It’s been much on my mind, because she’s in the same transplant area I’m in, and one of my fourteen year old students is about to go on that transplant list. I don’t know if the little girl with the petition would be a good candidate for the adult list. I do know that making the choice of whose life to trade for another’s shouldn’t be made by on-line petition, or by who’s cuter and more appealing to the general public.

  • Susan Gerard

    I don’t know why this girl isn’t getting a partial lung transplant. They do that with kids whose bodies can’t accommodate adult-sized lungs. It would save her life, but *might* drop an adult down (they could use one lobe for the child, the other, larger lobe for an adult), which is not necessarily a bad thing if the need was the basis for the receipt of the transplant (i.e., no adult is as desperate for a lung as she is right now).

  • Susan Gerard

    I agree with Beast, “Children and dogs, however, are innocent.” Our hearts go out to them, whereas we fell less sympathy for adults. That’s not to say that the rule is invalid. It sheds light on poor character development and flimsy plot devices.

  • Guest

    It’s a way of exploiting a fault in our human wiring. Intellectually, we might know that saving a million people is better than saving one, but our capacity for empathy hinges on having a face to look at so that we can actually see the suffering. It’s why a lot of people will go for a ‘sponser a child’ charity, even though if they gave the same amount of money each month to a regular charity, they’d probably save many more people. They need to know the person their money is going to, in order to motivate themselves to give.

    We also tend to blame other people for getting themselves into situation where they need help. It’s like a protective thing – ‘they’re suffering because they are bad, or unprepared. As long as I don’t do what they did, I’m safe’. This impulse to blame the victim doesn’t seem to happen with animals, maybe because we know they don’t have agency in the same way. You can’t really blame a starving dog for ‘not working hard enough’ or think ‘he’s probably a drunk’.

    Does exploiting a human weakness make movies bad? I guess it depends what you think movies are for. If you think movies should uplift the human race and teach us to reason better, then yeah, it’s bad, but if you think movies are entertainment and the point is to make people feel something, the dog trick works.

  • Cathy W

    My thought was “putting her on the adult list is probably medically unwise, as she’s not done growing and couldn’t accommodate a full-sized set of lungs”… but I agree with your point.

  • Charity Brighton

    It can turn that way though. Left Behind series relies on this tactic almost exclusively; the faceless multitudes of all the people who are obliterated during the Rapture, during WW2, during the judgments, plagues, etc. barely even count, but we’re supposed to cheer and care when the protagonists make it through another day. I guess it depends on how well the author manages it.

  • Mark Z.

    The only honest story, by this rule, is John Varley’s “The Manhattan Phone Book (Abridged)”, which you should all go and read now.

  • Worthless Beast

    Maybe this is
    the root of it.

    Living life and
    being on the Internet have taught me a harsh lesson: When it comes to adults,
    *there are no victims.* Think about some of the news stories we see with
    innocent people hurt/killed and some of the reaction to it: Some actor or
    director dies of a random heart attack. Very few people seem to jump to
    the conclusion of “poor person had a random genetic defect they didn’t
    even know about” – more hop to say “they must have been TAKING DRUGS!
    Irresponsible addicted to painkillers Something *I* would never do!”
    Or… random shootings. Aurora – gun nuts talked about how the victims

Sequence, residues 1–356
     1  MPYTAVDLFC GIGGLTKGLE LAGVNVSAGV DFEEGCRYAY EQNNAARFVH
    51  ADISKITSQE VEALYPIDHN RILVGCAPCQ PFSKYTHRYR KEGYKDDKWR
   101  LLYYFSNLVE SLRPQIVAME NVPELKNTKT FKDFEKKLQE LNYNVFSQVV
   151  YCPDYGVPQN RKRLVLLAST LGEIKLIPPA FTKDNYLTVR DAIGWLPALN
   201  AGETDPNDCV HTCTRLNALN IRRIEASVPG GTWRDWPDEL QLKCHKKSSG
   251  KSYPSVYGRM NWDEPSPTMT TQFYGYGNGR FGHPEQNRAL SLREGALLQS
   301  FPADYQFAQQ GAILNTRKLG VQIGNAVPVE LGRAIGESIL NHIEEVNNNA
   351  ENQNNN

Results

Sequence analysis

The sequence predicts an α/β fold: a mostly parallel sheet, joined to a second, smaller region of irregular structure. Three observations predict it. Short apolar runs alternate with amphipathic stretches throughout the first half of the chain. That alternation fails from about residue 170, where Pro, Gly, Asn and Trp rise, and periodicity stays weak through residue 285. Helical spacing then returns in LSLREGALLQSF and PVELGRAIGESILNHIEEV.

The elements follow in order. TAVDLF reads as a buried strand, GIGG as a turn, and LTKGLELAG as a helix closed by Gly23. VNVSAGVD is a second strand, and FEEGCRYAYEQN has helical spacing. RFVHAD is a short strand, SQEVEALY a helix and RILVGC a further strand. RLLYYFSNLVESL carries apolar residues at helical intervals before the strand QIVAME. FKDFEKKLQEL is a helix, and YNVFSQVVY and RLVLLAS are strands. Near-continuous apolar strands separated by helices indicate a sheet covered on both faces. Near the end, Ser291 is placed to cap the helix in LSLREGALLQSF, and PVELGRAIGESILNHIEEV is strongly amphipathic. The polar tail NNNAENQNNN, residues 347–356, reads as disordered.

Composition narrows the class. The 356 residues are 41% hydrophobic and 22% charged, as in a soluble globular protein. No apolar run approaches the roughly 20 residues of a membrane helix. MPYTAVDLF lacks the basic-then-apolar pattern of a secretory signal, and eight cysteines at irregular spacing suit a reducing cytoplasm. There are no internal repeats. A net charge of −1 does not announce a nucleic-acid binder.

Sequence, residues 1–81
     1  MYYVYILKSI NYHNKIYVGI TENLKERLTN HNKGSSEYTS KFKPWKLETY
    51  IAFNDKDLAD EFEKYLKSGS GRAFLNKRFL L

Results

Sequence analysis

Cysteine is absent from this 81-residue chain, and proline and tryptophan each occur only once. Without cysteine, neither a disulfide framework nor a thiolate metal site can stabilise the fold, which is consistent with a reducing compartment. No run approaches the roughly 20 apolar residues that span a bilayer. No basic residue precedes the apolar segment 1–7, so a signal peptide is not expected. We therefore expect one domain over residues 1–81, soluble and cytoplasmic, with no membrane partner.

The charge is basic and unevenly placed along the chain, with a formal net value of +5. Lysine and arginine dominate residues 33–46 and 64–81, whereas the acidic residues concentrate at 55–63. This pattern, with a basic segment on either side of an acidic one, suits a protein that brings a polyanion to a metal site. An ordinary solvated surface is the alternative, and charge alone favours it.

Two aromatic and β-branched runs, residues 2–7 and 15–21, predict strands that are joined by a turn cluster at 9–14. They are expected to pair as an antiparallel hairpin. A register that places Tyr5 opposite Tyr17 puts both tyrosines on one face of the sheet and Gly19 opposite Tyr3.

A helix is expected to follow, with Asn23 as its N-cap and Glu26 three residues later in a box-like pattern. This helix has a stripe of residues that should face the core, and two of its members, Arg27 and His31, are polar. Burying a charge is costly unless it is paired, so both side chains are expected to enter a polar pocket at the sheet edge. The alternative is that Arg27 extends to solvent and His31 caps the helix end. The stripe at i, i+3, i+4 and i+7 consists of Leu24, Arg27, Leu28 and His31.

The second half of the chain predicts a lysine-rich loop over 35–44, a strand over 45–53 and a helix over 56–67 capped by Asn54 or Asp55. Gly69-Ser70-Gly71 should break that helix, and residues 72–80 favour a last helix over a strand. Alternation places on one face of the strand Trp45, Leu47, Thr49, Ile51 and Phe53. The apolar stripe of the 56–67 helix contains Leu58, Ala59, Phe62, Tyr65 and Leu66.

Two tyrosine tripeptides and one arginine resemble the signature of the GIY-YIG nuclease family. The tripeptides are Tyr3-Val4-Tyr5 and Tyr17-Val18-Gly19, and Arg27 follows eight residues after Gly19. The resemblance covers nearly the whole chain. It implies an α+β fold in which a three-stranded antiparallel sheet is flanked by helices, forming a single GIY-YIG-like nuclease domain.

should have done illegal concealed-carry or “rushed the shooter like a
    man” as I recall. I remember on one
    news site, after the Sihk temple shooting, someone saying “Well, they shouldn’t
    have been religious.” SERIOUSLY! Someone
    blamed the people for their own deaths because they were at the temple… I guess
    that’s one way of saying what you’d like to have done to people who are
    different than you without getting your hands dirty because there’s always some
    neo-Nazi nut you also condem doing the icky part of getting rid of people who
    don’t think should exist for you… *rolls eyes.*

    And I’ve seen
    this extend to meatspace… when I still had a job (no I didn’t lose it over this
    incident, miraculously), I caught my boss standing around with her friends /
    the teenage childern of her horsey-set friends (I worked at a barn as a lowly
    poo-scooper), and they were talking about the tsunami in Japan – this was back
    when that had hit. One of the teens said
    “Well, I guess this is what they get for Pear Harbor.” While my better “I like my job and would like
    to keep it and am not in these people’s social class” judgement almost kept my
    mouth shut, I screwed up my courage and informed them that not only were a
    couple of significant bombs dropped back then, but that most of the people
    affected by the natural disaster *were not even born during WWII.* I kept
    my job for many months longer and lost it over something else. Amazing, that. Who knows? My mouth my have contributed to the
    eventual unemployment… I don’t care. I felt I had to say something.

    I have to
    wonder if any of them saw the news story about the dog that survived the
    tsunami that was found watching over an injured dog that everyone on the
    Internet cooed at. (Including me… ) I
    have to wonder, if unlike me, they cooed over the loyalty of the dog while
    forgetting said dogs’ lost human family…

    Adults… or (or
    even children that are countries away and faceless or belonging to other races)…
    none of them are victims, ever, it would seem, when people only see them as
    apart of an agenda, in the way, or part of the backdrop. Children (“of our own kind”) are innocent –
    the moreso younger they are… perhaps, in
    part, because we think they’re blank and moldable. I, myself, have expressed a desire to send
    the Westboro people off to a deserted island somwhere they can thunderdome it
    out for themselves, but would want to save the children – because unlike